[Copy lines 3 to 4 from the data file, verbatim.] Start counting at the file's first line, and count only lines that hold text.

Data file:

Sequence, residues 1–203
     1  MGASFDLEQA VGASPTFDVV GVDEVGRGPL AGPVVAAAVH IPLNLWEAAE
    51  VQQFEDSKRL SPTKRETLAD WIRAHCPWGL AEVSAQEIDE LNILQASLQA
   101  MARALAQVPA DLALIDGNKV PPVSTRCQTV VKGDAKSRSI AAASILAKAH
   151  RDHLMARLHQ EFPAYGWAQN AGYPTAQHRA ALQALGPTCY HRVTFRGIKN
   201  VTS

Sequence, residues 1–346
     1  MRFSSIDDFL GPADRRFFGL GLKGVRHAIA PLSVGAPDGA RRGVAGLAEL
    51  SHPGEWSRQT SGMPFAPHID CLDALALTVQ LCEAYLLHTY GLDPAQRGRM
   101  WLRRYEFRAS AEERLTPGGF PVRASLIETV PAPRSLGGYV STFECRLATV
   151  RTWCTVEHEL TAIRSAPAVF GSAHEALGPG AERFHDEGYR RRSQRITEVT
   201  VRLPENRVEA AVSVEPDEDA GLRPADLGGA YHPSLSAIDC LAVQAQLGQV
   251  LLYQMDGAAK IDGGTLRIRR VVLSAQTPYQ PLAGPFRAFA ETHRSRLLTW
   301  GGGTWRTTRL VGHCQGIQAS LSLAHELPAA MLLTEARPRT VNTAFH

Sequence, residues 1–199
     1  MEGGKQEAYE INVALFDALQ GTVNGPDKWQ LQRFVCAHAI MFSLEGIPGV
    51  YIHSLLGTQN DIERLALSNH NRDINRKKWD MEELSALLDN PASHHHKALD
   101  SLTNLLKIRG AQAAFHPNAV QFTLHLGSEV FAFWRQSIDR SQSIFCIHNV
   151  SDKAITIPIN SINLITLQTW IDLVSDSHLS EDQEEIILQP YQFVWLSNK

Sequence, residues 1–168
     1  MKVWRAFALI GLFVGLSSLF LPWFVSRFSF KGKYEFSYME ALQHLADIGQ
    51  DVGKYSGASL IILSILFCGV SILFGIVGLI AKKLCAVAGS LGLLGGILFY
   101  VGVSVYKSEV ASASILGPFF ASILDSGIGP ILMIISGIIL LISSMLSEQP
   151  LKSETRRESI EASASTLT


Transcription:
    51  VQQFEDSKRL SPTKRETLAD WIRAHCPWGL AEVSAQEIDE LNILQASLQA
   101  MARALAQVPA DLALIDGNKV PPVSTRCQTV VKGDAKSRSI AAASILAKAH